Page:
“People do not go to war for abstract theories of government. They fight for property and privilege.” W.E.B. Du Bois
After largely ignoring it for years, the American corporate media has rediscovered Afghanistan. Suddenly, American “credibility” is on the line. The situation would be amusing if it wasn’t so dire for thousands of Afghans. It’s as if some of the talking heads have just awakened from a 20-year slumber and cannot for the life of them understand how the magnificent and all-powerful American military failed so dismally. Predictably, some in the GOP are cravenly attempting to hang the failure around Joe Biden’s neck, but our Afghanistan debacle was a bipartisan gig from the jump — except for Barbara Lee — the only member of Congress who voted against the misbegotten invasion. It turns out that wars are relatively easy to start, but damned hard to end, a fact the talking heads aghast at the scenes of chaos from the airport in Kabul don’t seem to understand. America’s adventure of retribution in Afghanistan was always going to end in chaos and mayhem.
Americans have short and selective memories. Joe Biden may have voted to authorize the Afghanistan adventure when he was a senator, but what has transpired in the last week cannot be laid at his feet. The bulk of blame must be apportioned to George W. Bush and every war hawk he took advice and counsel from, but some also belongs to Barack Obama who kept the show going, stepped up the use of drones and made plenty of enemies in the provinces and rural areas. Trump, too, deserves a share of condemnation; the Orange Menace authorized the dropping of the biggest non-atomic bomb in the US arsenal, a pointless show of force. And let’s not forget the generals who year after year delivered rosy predictions of ultimate victory. Stack up all the lies spewed by the generals over the past two decades and they would rise higher than the Statue of Liberty.
Spare me the lamentations and hand-wringing. Let’s just speak the truth: the War on Terror was misguided, about as successful as the War on Drugs or the War on Poverty.
There’s another war underway in America, the GOP’s War on Democracy. Why the Democrats haven’t made passage of the For The People Act their top legislative priority is baffling. Can’t they hear the clock ticking and read the writing on the wall? The GOP is in the process of rigging the apportionment of congressional districts, which, if they succeed, will lock into place in key states the same paradox we see in Wisconsin, where Democrats garner more votes in statewide elections but Republicans wind up controlling more seats in the legislature. The GOP playbook is obvious to everyone except key Democrats. John Nichols of the Nation has done some admirable reporting on how the GOP is determined to ratfuck the 2020 census. The first step is to gerrymander districts so that GOP candidates choose their voters rather than the voters choosing their representatives. Add a rash of voter suppression methods to dissuade or disqualify as many likely Democratic voters as possible, and then situate authority over the tabulation and certification of votes in the hands of Republicans. That’s how the two-headed coin is fabricated. That’s how the minority asserts control over the majority. That’s how democracy is strangled into submission. Only a federal statute like the For The People Act can level this playing field.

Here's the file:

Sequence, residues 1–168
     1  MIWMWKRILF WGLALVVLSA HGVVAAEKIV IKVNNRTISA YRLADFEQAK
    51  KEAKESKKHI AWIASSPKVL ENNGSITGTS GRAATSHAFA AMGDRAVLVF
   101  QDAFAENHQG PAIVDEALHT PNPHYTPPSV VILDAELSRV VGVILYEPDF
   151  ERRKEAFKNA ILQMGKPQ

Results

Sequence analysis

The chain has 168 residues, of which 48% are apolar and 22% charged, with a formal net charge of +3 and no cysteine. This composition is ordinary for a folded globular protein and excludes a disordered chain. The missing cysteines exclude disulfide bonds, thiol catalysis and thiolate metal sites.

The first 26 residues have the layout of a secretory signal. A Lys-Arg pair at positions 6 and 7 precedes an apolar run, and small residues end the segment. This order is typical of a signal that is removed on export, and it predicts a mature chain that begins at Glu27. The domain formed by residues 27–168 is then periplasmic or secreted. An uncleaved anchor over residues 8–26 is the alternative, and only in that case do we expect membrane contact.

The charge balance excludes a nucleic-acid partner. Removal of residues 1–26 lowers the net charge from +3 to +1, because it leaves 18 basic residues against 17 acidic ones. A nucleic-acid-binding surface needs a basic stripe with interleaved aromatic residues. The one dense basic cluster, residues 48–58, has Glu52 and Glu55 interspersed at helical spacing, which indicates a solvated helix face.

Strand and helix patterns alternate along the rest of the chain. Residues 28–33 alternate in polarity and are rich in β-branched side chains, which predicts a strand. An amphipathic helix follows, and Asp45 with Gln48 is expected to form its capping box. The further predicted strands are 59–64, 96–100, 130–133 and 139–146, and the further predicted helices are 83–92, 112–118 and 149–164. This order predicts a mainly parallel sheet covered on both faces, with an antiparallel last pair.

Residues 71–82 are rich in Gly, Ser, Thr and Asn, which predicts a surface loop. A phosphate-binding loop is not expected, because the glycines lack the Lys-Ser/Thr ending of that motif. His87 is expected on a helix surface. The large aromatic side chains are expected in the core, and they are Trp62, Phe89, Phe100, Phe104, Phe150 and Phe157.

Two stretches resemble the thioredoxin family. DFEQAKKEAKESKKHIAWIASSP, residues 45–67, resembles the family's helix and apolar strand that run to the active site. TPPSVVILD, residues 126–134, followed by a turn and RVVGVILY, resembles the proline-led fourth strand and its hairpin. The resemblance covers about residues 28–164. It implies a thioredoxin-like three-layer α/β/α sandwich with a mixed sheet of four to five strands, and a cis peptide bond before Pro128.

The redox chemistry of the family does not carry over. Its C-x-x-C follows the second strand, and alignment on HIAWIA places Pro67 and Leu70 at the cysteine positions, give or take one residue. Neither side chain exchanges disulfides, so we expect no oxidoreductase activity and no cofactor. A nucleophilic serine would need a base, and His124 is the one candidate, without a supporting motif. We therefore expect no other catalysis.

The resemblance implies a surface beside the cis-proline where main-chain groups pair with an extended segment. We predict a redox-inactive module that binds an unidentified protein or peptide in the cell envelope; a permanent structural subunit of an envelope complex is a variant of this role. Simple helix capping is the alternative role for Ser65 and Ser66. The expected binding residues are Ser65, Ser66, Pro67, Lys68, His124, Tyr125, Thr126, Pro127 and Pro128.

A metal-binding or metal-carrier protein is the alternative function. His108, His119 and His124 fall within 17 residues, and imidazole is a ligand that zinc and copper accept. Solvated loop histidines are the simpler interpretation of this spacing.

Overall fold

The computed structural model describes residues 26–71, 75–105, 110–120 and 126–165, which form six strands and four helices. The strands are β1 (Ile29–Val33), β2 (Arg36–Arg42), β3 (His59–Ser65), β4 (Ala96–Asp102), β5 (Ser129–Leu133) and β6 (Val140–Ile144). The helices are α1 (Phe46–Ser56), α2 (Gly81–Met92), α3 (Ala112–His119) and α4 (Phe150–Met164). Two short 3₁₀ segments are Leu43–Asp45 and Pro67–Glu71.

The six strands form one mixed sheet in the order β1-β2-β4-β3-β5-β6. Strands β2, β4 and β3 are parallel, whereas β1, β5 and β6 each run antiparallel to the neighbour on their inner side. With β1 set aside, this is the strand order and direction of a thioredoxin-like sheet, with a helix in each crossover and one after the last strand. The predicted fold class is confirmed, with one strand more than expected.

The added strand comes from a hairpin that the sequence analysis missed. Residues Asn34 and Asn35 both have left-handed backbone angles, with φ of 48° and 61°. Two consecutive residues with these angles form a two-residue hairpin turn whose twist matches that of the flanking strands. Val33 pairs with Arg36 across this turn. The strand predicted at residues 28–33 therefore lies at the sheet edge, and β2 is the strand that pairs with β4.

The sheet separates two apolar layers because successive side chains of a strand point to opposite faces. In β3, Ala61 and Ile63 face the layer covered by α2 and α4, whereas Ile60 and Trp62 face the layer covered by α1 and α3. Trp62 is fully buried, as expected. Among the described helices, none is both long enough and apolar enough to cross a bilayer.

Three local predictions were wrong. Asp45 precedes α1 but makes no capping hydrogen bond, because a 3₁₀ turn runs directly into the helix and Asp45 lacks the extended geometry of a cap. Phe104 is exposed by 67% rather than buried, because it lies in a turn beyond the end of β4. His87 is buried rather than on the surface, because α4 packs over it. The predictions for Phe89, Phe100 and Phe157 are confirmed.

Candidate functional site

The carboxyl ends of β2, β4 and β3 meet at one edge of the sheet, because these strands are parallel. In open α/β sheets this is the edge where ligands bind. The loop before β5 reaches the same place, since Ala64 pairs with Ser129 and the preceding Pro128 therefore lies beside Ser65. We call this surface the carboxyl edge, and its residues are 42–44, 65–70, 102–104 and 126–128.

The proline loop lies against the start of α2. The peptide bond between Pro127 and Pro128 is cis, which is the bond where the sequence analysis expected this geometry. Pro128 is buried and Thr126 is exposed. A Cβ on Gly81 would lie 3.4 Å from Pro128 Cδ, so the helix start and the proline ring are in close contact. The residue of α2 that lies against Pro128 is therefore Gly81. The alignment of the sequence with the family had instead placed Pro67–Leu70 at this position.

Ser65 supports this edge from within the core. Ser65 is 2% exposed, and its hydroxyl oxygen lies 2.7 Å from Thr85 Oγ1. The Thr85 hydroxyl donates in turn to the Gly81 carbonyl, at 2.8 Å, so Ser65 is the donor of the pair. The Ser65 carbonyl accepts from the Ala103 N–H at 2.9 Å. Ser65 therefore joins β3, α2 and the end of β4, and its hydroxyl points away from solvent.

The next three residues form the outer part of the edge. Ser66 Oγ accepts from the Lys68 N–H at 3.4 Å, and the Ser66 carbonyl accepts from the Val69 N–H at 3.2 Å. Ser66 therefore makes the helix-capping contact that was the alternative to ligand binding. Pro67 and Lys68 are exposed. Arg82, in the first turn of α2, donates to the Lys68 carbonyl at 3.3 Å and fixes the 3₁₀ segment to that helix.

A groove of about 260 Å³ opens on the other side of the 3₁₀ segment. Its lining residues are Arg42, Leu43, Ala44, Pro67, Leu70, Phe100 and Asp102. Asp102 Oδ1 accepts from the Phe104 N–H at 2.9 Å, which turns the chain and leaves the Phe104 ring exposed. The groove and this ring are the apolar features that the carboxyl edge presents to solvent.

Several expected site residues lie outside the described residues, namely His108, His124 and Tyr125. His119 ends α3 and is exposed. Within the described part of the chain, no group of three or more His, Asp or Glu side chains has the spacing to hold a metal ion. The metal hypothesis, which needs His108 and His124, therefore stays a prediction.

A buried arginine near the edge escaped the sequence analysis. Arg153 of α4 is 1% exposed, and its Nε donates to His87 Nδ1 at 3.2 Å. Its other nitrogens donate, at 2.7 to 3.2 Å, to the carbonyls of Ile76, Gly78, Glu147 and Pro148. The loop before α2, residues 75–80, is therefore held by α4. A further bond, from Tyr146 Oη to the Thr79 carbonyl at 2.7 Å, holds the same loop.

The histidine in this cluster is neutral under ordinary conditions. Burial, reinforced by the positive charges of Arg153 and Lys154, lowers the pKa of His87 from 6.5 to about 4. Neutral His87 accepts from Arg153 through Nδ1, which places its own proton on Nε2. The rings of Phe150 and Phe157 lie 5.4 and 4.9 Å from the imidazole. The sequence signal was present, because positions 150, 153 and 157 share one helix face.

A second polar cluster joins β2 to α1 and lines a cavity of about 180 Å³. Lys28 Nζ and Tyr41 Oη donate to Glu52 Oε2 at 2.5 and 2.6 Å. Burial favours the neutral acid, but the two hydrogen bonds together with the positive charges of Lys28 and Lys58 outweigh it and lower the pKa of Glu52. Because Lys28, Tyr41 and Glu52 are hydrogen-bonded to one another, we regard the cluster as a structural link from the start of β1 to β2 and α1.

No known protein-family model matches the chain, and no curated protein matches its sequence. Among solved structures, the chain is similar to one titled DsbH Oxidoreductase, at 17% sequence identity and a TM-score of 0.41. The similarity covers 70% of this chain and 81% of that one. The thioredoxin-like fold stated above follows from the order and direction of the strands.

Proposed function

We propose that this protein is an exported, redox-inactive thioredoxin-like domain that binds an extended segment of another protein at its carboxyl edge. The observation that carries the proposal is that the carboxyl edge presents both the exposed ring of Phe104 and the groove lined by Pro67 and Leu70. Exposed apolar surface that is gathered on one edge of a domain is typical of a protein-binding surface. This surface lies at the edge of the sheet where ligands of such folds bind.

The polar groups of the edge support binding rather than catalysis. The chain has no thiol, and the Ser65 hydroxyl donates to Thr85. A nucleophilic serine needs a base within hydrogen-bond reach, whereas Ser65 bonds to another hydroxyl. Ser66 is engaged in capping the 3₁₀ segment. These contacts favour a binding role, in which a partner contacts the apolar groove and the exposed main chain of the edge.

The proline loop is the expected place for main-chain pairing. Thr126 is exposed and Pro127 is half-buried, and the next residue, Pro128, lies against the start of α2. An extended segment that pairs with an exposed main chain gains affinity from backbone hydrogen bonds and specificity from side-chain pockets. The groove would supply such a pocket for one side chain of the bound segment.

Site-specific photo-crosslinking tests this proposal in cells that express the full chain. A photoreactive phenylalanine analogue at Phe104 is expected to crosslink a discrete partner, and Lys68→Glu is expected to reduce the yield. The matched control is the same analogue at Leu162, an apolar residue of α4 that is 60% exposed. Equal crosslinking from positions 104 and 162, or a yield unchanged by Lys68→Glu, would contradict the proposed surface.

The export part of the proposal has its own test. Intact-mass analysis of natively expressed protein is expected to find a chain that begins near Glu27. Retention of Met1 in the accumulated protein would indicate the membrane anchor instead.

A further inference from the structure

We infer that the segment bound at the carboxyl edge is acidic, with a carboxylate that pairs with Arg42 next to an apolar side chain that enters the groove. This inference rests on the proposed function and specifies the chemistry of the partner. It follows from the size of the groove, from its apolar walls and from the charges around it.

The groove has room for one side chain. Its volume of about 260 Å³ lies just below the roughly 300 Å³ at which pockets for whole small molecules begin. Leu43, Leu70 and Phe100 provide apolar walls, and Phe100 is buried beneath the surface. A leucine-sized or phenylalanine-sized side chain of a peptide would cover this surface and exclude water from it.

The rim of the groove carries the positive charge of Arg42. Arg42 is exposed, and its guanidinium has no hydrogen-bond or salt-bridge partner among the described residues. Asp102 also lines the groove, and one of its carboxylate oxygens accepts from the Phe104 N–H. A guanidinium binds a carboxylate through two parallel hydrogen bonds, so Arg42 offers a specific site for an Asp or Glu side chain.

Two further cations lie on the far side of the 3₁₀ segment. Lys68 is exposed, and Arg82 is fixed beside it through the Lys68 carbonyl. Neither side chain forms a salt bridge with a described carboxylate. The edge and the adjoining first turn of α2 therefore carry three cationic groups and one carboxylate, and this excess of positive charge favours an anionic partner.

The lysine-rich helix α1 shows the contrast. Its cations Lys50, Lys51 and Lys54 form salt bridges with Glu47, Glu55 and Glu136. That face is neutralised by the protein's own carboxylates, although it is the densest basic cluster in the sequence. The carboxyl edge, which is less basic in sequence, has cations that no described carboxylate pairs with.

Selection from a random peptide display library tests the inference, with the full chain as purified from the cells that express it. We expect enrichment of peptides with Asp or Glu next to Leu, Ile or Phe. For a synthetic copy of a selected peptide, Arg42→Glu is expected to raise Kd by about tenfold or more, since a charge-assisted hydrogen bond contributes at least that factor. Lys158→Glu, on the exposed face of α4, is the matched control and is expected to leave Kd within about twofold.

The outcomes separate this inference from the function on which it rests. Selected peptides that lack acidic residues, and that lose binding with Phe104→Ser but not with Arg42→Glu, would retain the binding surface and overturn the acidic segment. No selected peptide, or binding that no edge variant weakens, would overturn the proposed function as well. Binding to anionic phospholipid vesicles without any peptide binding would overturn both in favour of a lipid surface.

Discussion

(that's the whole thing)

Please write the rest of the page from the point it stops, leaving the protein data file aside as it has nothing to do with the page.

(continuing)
The Dems spent considerable energy and effort on the infrastructure bill. They need to spend as much or more energy on protecting the right to vote. Given the choice between infrastructure and federal protection and enhancement of the fundamental right to vote, I will take the latter every time. Without some version of the For The People Act, we run the risk of becoming a one-party nation, at the mercy of a seriously cruel, corrupt and deluded minority. One difference between the war in Afghanistan and the GOP war against Democracy is that the latter is winnable — if the Democrats act as ruthlessly as Republicans do when the GOP holds the majority.